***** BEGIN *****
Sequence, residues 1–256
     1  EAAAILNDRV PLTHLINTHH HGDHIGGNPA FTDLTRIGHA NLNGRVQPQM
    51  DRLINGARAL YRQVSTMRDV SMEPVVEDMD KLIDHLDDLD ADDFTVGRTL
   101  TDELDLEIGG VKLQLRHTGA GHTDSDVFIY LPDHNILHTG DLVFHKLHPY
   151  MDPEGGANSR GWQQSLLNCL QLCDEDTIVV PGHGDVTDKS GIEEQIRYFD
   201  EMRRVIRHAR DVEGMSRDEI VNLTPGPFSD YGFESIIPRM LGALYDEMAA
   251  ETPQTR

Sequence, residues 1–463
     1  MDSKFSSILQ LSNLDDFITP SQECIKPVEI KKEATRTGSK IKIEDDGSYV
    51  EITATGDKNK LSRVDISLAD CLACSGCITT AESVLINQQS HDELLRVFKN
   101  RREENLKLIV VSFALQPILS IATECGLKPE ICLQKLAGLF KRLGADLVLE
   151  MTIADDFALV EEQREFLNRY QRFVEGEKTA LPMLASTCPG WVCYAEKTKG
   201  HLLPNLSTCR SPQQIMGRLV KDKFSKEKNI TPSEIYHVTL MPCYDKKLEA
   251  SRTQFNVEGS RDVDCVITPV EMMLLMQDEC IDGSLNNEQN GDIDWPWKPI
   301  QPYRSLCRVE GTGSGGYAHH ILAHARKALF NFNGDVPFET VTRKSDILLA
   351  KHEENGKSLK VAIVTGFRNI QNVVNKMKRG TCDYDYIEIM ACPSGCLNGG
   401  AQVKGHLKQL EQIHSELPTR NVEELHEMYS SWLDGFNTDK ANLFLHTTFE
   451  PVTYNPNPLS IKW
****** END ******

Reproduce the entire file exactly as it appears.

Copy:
Sequence, residues 1–256
     1  EAAAILNDRV PLTHLINTHH HGDHIGGNPA FTDLTRIGHA NLNGRVQPQM
    51  DRLINGARAL YRQVSTMRDV SMEPVVEDMD KLIDHLDDLD ADDFTVGRTL
   101  TDELDLEIGG VKLQLRHTGA GHTDSDVFIY LPDHNILHTG DLVFHKLHPY
   151  MDPEGGANSR GWQQSLLNCL QLCDEDTIVV PGHGDVTDKS GIEEQIRYFD
   201  EMRRVIRHAR DVEGMSRDEI VNLTPGPFSD YGFESIIPRM LGALYDEMAA
   251  ETPQTR

Sequence, residues 1–463
     1  MDSKFSSILQ LSNLDDFITP SQECIKPVEI KKEATRTGSK IKIEDDGSYV
    51  EITATGDKNK LSRVDISLAD CLACSGCITT AESVLINQQS HDELLRVFKN
   101  RREENLKLIV VSFALQPILS IATECGLKPE ICLQKLAGLF KRLGADLVLE
   151  MTIADDFALV EEQREFLNRY QRFVEGEKTA LPMLASTCPG WVCYAEKTKG
   201  HLLPNLSTCR SPQQIMGRLV KDKFSKEKNI TPSEIYHVTL MPCYDKKLEA
   251  SRTQFNVEGS RDVDCVITPV EMMLLMQDEC IDGSLNNEQN GDIDWPWKPI
   301  QPYRSLCRVE GTGSGGYAHH ILAHARKALF NFNGDVPFET VTRKSDILLA
   351  KHEENGKSLK VAIVTGFRNI QNVVNKMKRG TCDYDYIEIM ACPSGCLNGG
   401  AQVKGHLKQL EQIHSELPTR NVEELHEMYS SWLDGFNTDK ANLFLHTTFE
   451  PVTYNPNPLS IKW